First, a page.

We all have dreams, but not everyone manages to follow them quite as thoroughly as Tabatha Davison. Just three years ago she was working in Queenstown, travelling the weekend market circuit, and dreaming of life in the country. Today Tabatha’s the proud owner of Craft Keepers here in Garston, where she not only makes and sells her own jewellery but also houses a wonderful collection of arts and crafts.
Walking into Craft Keepers is a visual delight; your eyes are drawn to so many artfully-displayed creations it’s hard to know where to look first. What’s most appealing is the authentic nature of the crafts.
“Every piece is created in Otago or Southland,” Tabatha explains. “When customers ask about the maker, I love to tell those little details that make each piece of work so special.”
It’s hard to resist such enthusiasm so I dive in and ask. I collect gorgeous coffee mugs so naturally that’s where I begin.
“Isn’t it lovely,” Tabatha smiles, picking up a mug. “Even the clay comes from Southland. They are beautifully balanced and the colours are just gorgeous.”
There is so much to choose from in this crafty converted container that it’s hard to know where to begin.
Created While You Watch
Not only is Craft Keepers a haven of lovely arts and crafts, it’s also Tabatha’s workshop and most days you’ll discover her creating beautiful jewellery there. I’m drawn to the delicate silver chains, but Tabatha’s favourites are the costume pieces.
“I’ve always loved the flair and variety of costume,” she says. “It’s so easy to be experimental and out there.”
Tabatha’s customers certainly love the Craft Keepers experience. Locals pop in to buy gifts and tourists visit for the perfect NZ-made souvenir. There’s increasing repeat trade from those who regularly travel the busy Te Anau-Queenstown state highway too.
See For Yourself
Tabatha’s got a great thing going at Craft Keepers, right next to The Coffee Bomb and The Hunny Shop. She’s brought the creative, collaborative vibe of the markets into the middle of Garston. The next time you need a gift or souvenir with style, don’t rush to a giant impersonal store. Think small, think local and pop into Craft Keepers. You won’t be disappointed.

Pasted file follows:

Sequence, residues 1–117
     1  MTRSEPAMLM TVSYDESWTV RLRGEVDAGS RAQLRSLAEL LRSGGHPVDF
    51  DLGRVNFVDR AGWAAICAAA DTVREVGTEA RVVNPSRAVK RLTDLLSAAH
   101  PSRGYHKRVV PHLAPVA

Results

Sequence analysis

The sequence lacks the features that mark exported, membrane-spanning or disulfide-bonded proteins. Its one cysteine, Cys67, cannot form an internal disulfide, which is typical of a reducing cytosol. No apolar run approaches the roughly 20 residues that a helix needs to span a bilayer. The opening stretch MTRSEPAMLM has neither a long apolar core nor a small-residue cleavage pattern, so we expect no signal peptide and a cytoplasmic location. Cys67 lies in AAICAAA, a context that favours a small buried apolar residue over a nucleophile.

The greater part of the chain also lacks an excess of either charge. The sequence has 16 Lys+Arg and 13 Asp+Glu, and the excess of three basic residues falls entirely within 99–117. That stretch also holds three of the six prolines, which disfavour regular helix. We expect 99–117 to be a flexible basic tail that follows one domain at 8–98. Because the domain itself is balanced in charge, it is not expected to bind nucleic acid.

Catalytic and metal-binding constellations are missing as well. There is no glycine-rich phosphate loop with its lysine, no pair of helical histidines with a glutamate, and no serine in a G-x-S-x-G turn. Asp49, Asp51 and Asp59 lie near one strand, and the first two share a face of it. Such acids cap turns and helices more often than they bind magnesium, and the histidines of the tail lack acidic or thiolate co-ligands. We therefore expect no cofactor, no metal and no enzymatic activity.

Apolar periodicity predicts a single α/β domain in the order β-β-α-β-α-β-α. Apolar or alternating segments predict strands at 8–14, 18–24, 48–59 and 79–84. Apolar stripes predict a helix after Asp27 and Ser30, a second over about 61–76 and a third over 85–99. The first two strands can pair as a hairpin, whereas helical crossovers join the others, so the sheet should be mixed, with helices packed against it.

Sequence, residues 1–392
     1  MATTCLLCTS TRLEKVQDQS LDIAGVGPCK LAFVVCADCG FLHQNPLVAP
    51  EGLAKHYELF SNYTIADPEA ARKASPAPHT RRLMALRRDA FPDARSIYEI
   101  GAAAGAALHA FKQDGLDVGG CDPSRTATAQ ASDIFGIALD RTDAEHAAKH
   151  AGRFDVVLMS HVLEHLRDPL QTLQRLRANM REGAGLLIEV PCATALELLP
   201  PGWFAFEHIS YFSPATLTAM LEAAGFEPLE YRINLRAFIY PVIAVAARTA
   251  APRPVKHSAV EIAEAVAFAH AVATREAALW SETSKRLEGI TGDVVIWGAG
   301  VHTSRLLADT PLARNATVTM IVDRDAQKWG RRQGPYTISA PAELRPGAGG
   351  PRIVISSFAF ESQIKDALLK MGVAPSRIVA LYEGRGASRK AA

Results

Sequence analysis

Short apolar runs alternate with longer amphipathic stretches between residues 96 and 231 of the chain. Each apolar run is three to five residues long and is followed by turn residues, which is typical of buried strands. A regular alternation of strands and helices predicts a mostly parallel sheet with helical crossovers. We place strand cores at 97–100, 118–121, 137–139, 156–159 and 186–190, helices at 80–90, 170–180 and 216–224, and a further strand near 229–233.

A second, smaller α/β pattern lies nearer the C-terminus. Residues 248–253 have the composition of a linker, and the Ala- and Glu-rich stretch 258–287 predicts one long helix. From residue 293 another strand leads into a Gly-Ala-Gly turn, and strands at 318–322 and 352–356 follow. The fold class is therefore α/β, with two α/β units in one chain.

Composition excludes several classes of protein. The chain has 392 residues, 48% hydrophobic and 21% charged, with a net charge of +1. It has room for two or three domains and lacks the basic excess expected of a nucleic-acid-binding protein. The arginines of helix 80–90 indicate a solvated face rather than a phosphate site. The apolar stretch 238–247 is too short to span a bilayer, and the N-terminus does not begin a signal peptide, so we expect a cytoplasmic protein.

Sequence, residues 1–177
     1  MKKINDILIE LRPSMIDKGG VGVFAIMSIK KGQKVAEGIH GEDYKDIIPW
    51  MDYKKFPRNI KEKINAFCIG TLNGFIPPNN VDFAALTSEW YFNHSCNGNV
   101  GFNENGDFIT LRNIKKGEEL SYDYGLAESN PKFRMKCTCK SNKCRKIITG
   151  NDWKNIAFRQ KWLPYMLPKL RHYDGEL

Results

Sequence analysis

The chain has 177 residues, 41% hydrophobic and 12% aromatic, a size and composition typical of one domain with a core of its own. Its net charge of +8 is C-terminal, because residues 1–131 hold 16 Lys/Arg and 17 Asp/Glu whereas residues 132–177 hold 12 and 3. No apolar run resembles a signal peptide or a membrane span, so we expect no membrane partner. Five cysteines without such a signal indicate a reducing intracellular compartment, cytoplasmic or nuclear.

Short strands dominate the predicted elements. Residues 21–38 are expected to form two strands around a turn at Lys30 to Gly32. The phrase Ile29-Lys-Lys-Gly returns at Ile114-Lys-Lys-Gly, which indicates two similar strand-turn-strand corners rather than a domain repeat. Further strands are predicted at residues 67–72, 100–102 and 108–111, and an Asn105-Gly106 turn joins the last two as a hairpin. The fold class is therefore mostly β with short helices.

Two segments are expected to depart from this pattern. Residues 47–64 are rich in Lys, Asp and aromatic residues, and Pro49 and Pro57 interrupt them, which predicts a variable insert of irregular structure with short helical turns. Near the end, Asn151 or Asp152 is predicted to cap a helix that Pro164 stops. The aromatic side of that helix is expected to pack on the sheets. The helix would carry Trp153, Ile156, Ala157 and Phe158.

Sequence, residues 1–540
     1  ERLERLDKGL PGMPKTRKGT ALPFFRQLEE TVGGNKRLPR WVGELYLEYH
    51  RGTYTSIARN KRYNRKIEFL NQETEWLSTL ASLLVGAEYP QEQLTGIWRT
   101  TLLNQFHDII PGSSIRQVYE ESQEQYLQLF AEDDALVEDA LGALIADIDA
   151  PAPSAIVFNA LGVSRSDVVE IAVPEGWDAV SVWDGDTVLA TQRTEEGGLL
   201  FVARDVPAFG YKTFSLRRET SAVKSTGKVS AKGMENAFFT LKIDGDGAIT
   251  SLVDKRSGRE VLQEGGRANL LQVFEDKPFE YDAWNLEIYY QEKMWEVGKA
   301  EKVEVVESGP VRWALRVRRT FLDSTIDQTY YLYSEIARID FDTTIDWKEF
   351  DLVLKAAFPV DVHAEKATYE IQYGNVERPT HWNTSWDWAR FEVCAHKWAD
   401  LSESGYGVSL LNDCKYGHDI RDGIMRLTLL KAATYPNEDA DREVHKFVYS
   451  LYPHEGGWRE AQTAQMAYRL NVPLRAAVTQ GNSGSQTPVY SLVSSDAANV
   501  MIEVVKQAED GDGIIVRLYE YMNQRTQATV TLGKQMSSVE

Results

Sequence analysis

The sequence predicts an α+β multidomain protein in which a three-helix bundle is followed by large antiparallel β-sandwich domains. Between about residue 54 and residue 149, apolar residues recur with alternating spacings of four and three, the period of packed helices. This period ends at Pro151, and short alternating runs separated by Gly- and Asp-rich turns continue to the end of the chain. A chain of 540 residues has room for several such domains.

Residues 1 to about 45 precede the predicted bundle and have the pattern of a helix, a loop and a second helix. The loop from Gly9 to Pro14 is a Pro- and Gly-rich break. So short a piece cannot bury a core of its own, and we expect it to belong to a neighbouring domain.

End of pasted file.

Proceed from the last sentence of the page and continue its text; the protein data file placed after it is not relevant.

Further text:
Kylie Sutton loves delicious food, cheerful chat, and great coffee, so when the chance came up to combine all three passions by buying the Coffee Bomb food trailer, she didn’t hesitate. Literally a small business — the whole trailer is only 4.5m long — the Coffee Bomb sits right in the heart of Garston. Travelling along the main tourist route of S.H.6 you just can’t miss it. In fact, its the perfect place to buy food-and-drinks-to-go.
Food Faves and Raves
The food in the Coffee Bomb cabinet has that homemade touch that’s hard to beat. Kylie cooks it daily right there in the Coffee Bomb’s tiny oven. Even the burgers have her famous home-style touch, with the gluten-free patties made onsite to delicious old-fashioned recipes. Add in slow-cooked lamb roasts and melt-in-your-mouth-tender pork belly — all cooked in the van — and you’re in burger heaven. You won’t find burgers like these anywhere else.
“I’d have to say ‘The Bomb’ is our most popular burger” says Kylie. “Tabitha (from next-door Craft Keepers) and I invented it when we were cold and hungry one slow, winter’s day.”
Featuring fresh burger buns, pork belly & bacon, coleslaw, and dripping with tasty sauce, The Bomb has been a menu staple ever since. “There’d probably be a customer riot if we took it off the menu now,”
My personal favourites are the muffins. Kylie’s muffins actually taste as good as they look which, in my experience, is a very rare thing. Other locals rave over the homemade carrot cake, lolly cake, and of course, the locally-roasted ROAR coffee.
Village With a Vibe
But why would a former butcher, busy farmer, and volunteer fire fighter/medic set up a food stop in this tiny tourist town?
“I love the vibe in Garston,” Kylie explains. “The locals are fabulous. So many people give us their whole-hearted support. The businesses complement each other too, and everyone is always willing to lend a hand. It’s great to have travellers who stop in on a regular basis, and of course the tourist trade is fantastic. We’re just in the right spot for a stop.”
But the Coffee Bomb vision doesn’t stop there. A boutique accommodation business “The Bomb Com” is planned for 2019. Watch this space, folks; with Kylie’s gift for customer service, it sounds like a winner to me.
I have interests a-plenty, but only one grand passion. I adore writing, but even that pales, compared to my full-blown obsession with reading. Hand me a new book and don’t bother talking until it’s finished. I won’t hear you — a fact that has gotten me into trouble on more than one occasion. Let me tell you of the time I started a new book at the airport…